NSW grab for environmental river flows dead in the water
A call from senior NSW Nationals for Commonwealth-owned environment water to be redirected to farmers is set to sink almost as quickly as it was floated with Victoria and South Australia opposing the move, and experts declaring it illegal.
Irrigators in NSW’s Murray and Murrumbidgee regions who own the least reliable class of water entitlements, General Security, are facing their third year without a drink due to severe drought.
NSW Deputy Premier John Barilaro said this week Commonwealth water must be used for food production, arguing the Basin Plan was “flawed” and favoured the environment “at the expense of the community and irrigators”.
The Commonwealth has built up a portfolio of environment water entitlements since 2013 under the Murray Darling basin plan, which is an environmental reform to buy water from irrigators to benefit fish, birds and wetlands.
NSW Water Minister Melinda Pavey backs Mr Barilaro’s call and said farmers should be able to access environmental entitlements to ensure “domestic food supply chains remain viable” amid disruption from coronavirus.
“The water held by the Commonwealth could be used to underwrite an opening allocation for NSW Murray and Murrumbidgee General Security Entitlement holders,” Ms Pavey said.
Melbourne University Centre for Resources, Energy and Environment Law senior fellow Erin O’Donnell said the Commonwealth Water Act did not allow water held by the Commonwealth to be changed.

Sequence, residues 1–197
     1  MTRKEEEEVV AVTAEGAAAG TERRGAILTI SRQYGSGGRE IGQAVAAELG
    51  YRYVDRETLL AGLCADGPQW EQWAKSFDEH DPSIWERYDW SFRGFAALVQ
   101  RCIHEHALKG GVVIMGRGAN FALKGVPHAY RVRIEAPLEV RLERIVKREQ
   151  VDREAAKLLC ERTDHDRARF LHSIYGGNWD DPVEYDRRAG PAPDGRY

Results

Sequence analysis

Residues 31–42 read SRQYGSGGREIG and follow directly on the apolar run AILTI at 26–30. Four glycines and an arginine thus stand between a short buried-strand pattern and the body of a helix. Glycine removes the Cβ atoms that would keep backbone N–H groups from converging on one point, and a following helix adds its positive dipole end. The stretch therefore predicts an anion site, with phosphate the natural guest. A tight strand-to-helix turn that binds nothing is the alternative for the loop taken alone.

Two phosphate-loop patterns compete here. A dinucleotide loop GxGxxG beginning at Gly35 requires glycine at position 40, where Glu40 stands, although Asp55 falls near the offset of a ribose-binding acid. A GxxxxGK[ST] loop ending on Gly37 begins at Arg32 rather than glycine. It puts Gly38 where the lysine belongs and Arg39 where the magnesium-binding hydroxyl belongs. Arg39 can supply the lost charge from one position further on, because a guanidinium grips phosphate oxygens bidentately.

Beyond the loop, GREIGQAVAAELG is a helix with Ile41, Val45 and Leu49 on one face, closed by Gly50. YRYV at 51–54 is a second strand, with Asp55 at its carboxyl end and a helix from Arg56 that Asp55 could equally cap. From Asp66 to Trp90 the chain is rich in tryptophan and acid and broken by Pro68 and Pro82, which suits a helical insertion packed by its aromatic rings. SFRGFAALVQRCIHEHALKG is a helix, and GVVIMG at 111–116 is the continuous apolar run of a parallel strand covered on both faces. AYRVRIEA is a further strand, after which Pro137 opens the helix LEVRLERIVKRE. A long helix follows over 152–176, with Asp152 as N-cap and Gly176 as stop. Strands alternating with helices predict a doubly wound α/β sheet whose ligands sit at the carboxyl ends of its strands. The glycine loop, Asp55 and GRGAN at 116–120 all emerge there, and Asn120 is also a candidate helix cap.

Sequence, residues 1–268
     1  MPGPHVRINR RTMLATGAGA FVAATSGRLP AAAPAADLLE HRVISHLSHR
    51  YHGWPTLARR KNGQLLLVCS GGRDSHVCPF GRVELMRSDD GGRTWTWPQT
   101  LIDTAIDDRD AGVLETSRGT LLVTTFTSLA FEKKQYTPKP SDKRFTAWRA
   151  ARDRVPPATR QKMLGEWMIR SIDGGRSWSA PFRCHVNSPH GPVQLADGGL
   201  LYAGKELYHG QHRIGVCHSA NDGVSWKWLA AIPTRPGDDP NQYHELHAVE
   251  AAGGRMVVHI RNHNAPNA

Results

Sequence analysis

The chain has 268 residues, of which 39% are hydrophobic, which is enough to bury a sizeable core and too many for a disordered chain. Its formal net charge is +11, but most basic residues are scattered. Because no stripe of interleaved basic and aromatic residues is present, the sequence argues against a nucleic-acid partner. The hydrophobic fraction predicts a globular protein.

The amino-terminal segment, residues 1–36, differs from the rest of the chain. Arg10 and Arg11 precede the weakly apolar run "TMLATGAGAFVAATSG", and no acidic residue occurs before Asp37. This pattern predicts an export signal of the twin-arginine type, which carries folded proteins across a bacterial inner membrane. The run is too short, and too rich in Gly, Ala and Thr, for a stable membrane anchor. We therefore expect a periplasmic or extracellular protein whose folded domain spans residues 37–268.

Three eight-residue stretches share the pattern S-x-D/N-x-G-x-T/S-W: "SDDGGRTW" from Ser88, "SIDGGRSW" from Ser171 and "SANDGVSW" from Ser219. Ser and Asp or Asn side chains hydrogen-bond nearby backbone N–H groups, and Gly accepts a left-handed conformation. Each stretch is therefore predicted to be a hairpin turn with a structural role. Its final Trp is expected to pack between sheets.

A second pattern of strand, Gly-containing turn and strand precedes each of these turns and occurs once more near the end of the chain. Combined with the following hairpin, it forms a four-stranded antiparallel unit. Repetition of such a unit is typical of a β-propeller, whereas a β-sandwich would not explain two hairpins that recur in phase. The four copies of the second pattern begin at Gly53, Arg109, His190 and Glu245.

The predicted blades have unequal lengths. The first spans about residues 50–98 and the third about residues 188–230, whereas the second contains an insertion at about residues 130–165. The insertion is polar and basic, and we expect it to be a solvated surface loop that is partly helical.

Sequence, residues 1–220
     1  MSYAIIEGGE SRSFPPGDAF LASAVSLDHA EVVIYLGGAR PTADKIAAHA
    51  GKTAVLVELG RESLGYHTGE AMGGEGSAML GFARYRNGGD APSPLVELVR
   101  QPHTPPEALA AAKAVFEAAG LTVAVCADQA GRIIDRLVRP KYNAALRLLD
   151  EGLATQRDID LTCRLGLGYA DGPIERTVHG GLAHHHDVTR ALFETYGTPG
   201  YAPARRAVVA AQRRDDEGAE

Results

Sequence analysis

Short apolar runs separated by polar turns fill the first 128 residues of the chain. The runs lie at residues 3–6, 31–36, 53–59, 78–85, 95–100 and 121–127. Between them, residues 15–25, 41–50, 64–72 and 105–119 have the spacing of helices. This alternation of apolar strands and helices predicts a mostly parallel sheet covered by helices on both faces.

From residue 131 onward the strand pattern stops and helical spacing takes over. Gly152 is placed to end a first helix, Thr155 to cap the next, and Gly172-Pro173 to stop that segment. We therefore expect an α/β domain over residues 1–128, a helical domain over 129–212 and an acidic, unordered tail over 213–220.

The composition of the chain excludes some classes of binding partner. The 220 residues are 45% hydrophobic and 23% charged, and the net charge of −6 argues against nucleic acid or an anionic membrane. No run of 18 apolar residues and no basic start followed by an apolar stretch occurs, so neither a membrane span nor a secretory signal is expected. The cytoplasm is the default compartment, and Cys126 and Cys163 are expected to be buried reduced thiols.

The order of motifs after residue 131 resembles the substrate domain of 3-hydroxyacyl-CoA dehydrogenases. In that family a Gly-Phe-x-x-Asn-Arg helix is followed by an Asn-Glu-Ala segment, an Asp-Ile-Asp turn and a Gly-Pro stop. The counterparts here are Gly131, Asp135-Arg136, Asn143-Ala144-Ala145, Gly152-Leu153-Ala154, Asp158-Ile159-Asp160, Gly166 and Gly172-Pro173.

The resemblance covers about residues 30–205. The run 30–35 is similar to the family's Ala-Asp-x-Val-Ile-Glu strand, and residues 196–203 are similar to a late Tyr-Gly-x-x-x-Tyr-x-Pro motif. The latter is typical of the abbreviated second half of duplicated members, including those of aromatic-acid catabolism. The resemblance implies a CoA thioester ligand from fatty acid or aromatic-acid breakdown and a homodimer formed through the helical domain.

“Any use of Commonwealth environment water for non-environmental purposes is not prescribed under the current legislation,” Dr O’Donnell said.
There is a clause in the Water Act that allows some water entitlements to be used to satisfy critical human needs, Dr O’Donnel said, “but even that would be incredibly challenging because the Act doesn’t allow for a re-allocation of water already set aside for environmental purposes.”
Responding to a request from Mr Barilaro and Ms Pavey, Federal Water Minister Keith Pitt has agreed to bring forward a Murray Darling Basin meeting from July to May. But South Australia or Victoria would have to agree to give NSW some of their environmental water, because the Commonwealth’s reserves in NSW are exhausted.
Victorian Water Minister Lisa Neville blasted the move, warning it would have “disastrous impacts” on Victorian irrigators and communities.
“We have been very clear that we will not support any further water being taken from Victorian farmers,” Ms Neville said.
SA Water Minister David Speirs said there was “no need for a crisis meeting” of water ministers and he wouldn’t support “reckless and short-sighted measures that hand more water to up-stream irrigators at the expense of those downstream and jeopardise the long-term health of the Murray-Darling Basin”.
NSW Senator and former advisor to the private Murray Irrigation Corporation Perin Davey said state governments control water allocation in their jurisdictions and “NSW is currently holding back more water for high priority needs next year than they have reserved in the previous two years” and releasing just half of those holdings would deliver a five per cent allocation to NSW’s Murray irrigators.
NSW Farmers’ Association and NSW-based Southern Riverina Irrigators lobby group back calls to direct environment water to irrigation.
National Irrigators Council chief executive Steve Whan said re-purposing environment water for irrigation would undermine the principle of property rights that protect the value of irrigators’ entitlements. “We want water ownership to be respected – irrigation or environmental – you can’t just take it off the owner,” Mr Whan said.
Originally published by The Sydney Morning Herald, 16 April 2020.